Jarkko Hietaniemi > perl-5.7.3 > threads

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Module Version: 0.05   Source   Latest Release: perl-5.8.8

NAME ^

threads - Perl extension allowing use of interpreter based threads from perl

SYNOPSIS ^

use threads;

sub start_thread { print "Thread started\n"; }

my $thread = threads->create("start_thread","argument");

$thread->create(sub { print "I am a thread"},"argument");

$thread->join();

$thread->detach();

$thread = threads->self();

threads->tid(); threads->self->tid();

$thread->tid();

DESCRIPTION ^

Perl 5.6 introduced something called interpreter threads. Interpreter threads are different from "5005threads" (the thread model of Perl 5.005) by creating a new perl interpreter per thread and not sharing any data or state between threads.

Prior to perl 5.8 this has only been available to people embedding perl and for emulating fork() on windows.

The threads API is loosely based on the old Thread.pm API. It is very important to note that variables are not shared between threads, all variables are per default thread local. To use shared variables one must use threads::shared.

It is also important to note that you preferably enable threads by doing use threads as early as possible and that it is not possible to enable threading inside an eval ""; In particular, if you are intending to share variables with threads::shared, you must use threads before you use threads::shared and threads will emit a warning if you do it the other way around.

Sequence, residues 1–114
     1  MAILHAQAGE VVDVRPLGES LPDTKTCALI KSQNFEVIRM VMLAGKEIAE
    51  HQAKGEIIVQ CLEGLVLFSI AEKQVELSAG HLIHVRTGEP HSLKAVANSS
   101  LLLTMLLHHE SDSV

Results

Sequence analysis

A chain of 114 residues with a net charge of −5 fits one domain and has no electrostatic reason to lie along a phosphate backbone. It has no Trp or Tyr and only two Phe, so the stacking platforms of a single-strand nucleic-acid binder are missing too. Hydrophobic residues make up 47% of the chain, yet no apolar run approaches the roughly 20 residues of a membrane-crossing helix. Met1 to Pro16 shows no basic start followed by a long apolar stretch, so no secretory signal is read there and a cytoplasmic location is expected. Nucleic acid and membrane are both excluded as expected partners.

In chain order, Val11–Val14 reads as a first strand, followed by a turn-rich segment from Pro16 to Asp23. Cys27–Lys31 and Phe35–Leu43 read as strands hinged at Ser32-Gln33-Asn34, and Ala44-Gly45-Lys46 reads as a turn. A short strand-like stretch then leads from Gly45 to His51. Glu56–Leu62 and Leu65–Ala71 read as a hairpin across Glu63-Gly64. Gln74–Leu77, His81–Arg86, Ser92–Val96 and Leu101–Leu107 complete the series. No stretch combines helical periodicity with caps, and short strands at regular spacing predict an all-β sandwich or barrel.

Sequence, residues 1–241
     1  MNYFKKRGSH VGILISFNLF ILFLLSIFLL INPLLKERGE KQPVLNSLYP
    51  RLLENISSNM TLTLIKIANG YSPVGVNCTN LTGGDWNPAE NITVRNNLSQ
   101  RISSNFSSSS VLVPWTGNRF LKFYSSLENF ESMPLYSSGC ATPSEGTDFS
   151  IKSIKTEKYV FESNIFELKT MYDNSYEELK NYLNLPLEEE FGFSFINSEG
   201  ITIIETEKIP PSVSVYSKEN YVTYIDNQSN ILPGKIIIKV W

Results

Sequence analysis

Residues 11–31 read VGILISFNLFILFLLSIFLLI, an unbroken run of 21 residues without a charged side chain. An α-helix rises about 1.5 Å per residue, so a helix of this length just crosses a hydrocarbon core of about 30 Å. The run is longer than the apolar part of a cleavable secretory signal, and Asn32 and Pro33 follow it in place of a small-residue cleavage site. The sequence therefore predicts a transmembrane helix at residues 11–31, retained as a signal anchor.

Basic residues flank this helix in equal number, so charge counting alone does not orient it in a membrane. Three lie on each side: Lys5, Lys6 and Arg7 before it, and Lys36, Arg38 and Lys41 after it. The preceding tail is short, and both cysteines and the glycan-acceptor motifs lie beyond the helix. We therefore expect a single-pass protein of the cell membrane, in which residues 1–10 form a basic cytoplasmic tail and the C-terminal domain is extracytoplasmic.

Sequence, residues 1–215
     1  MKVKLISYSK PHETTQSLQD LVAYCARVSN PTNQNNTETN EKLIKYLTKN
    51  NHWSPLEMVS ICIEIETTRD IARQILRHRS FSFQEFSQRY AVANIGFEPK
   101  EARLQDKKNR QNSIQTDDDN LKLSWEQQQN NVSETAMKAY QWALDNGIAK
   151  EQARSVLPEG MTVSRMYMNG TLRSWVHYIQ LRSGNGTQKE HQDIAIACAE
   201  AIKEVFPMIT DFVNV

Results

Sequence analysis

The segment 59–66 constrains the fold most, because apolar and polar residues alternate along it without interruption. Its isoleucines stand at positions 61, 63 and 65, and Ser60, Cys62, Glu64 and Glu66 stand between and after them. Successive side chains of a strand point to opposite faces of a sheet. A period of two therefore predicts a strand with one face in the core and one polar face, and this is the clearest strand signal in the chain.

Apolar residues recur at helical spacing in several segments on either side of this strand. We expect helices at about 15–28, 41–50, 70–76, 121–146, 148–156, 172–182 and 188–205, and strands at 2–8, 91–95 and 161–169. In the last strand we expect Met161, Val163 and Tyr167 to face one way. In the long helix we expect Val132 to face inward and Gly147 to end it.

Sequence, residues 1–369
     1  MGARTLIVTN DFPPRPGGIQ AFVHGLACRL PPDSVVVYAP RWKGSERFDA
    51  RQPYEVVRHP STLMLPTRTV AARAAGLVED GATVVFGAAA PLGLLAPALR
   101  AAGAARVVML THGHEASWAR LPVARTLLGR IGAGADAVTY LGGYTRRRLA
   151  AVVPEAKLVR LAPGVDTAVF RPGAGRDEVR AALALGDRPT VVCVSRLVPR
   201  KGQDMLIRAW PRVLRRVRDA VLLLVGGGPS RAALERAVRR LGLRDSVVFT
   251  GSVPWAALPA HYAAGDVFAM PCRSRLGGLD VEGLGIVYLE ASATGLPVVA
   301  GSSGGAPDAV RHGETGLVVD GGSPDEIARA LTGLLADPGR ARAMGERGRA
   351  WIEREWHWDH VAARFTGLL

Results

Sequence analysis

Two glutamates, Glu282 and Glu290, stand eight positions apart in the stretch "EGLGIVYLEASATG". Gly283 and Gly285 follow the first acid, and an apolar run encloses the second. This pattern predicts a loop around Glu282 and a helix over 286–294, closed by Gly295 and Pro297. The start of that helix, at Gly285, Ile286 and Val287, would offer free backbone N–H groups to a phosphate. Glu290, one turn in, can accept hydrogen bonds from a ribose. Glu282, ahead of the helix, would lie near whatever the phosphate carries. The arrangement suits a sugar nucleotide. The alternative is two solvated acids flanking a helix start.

$thread = threads->create(function, LIST)

This will create a new thread with the entry point function and give it LIST as parameters. It will return the corresponding threads object.

$thread->join

This will wait for the corresponding thread to join. When it finishes join will return the return values of the entry point function. If a thread has been detached, join will return without wait.

$thread->detach

Will throw away the return value from the thread and make it non-joinable.

threads->self

This will return the object for the current thread.

$thread->tid

This will return the id of the thread. threads->self->tid() is a quick way to get current thread id.

TODO ^

Fix so the return value is returned when you join.
Add join_all.
Fix memory leaks!

AUTHOR and COPYRIGHT ^

Arthur Bergman <arthur at contiller.se>

threads is released under the same license as Perl.

Thanks to

Richard Soderberg <rs at crystalflame.net> Helping me out tons, trying to find reasons for races and other weird bugs!

Simon Cozens <simon at brecon.co.uk> Being there to answer zillions of annoying questions

Rocco Caputo <troc at netrus.net>

Vipul Ved Prakash <mail at vipul.net> Helping with debugging.

please join perl-ithreads@perl.org for more information

BUGS ^

creating a thread from within a thread is unsafe under win32
PERL_OLD_SIGNALS are not threadsafe, will not be.

SEE ALSO ^

perl, threads::shared, perlcall, perlembed, perlguts

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